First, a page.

Let's say you build a ping pong ball counter. It increments the count every time a ping pong ball hits the sensor. You throw a ball, and it hits the sensor: Detected! You throw a ball across the sensor from left to right... no detection, because you didn't hit the sensor. Your eyeball is a light sensor, which creates pictures from the light that hits ...

6

It's a good question, and one that puzzled me for a while as well. However the answer is very simple. For a massive particle like an electron the total energy is given by: $$E^2 = p^2c^2 + m^2 c^4$$ where $p$ is the momentum and $m$ is the rest mass of the electron. Electrons can obviously have any momentum you want, so the total energy can be any value ...

5

We don't really have a good perspective on what a photon "feels" or, indeed, anything about what its universe would look like. We're massive objects; even the idea of "we must travel at the speed of light because we're massless" makes little sense to us. But we can talk, if you like, about what the world looks like as you travel faster and faster: it's just ...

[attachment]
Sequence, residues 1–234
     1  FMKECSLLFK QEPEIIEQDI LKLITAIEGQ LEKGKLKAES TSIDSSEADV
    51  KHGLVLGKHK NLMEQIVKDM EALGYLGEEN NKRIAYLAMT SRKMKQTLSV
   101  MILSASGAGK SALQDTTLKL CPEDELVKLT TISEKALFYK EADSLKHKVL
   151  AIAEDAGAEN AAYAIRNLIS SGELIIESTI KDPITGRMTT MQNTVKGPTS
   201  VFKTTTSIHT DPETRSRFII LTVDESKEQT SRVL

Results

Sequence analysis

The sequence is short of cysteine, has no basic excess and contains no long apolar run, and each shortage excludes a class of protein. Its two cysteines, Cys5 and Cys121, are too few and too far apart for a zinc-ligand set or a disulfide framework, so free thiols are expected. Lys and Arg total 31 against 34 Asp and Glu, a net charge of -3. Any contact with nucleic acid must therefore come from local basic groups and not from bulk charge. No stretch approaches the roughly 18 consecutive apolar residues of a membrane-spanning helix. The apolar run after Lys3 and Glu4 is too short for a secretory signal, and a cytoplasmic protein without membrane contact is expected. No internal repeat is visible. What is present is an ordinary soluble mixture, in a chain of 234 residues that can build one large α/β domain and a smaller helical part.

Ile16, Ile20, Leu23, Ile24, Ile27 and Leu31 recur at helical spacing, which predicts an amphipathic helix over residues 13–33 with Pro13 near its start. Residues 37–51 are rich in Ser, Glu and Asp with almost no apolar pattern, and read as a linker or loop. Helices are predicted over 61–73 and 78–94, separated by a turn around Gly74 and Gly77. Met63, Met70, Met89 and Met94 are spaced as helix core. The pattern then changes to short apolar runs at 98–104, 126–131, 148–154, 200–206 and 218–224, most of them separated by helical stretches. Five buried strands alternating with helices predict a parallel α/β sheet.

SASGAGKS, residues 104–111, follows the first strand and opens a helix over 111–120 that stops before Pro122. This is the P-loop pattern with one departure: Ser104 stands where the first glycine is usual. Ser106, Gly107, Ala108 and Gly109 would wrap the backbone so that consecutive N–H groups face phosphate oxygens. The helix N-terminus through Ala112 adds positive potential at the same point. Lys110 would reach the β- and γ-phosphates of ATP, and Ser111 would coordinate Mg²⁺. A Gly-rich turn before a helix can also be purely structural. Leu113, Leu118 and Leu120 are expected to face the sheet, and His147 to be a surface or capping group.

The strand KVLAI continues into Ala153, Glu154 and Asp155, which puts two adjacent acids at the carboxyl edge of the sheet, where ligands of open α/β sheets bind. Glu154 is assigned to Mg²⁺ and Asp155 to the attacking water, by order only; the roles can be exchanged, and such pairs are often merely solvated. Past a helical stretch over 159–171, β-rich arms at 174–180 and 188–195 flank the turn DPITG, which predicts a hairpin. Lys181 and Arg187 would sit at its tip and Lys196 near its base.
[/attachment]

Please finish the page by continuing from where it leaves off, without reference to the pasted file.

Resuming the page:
4

My masters project was on something like this (though with hydrogen alpha emission lines for gas clouds between galaxies rather than dust between stars) and the answer in that case (and almost certainly in this one too) is that you can't see it because it's just too dim, though using hundreds of telescope hours can get you close (maybe). Again, this is not ...

3

First, webcams do use CCD or CMOS sensors, usually whichever chip is cheapest at the time. You can catch photons, but not reliably. In other words, for every photon that you catch, you will miss several. There will also be a noise signal, typically equivalent to many photons, Consider a CCD sensor. When a photon arrives, it may successfully excite an ...

3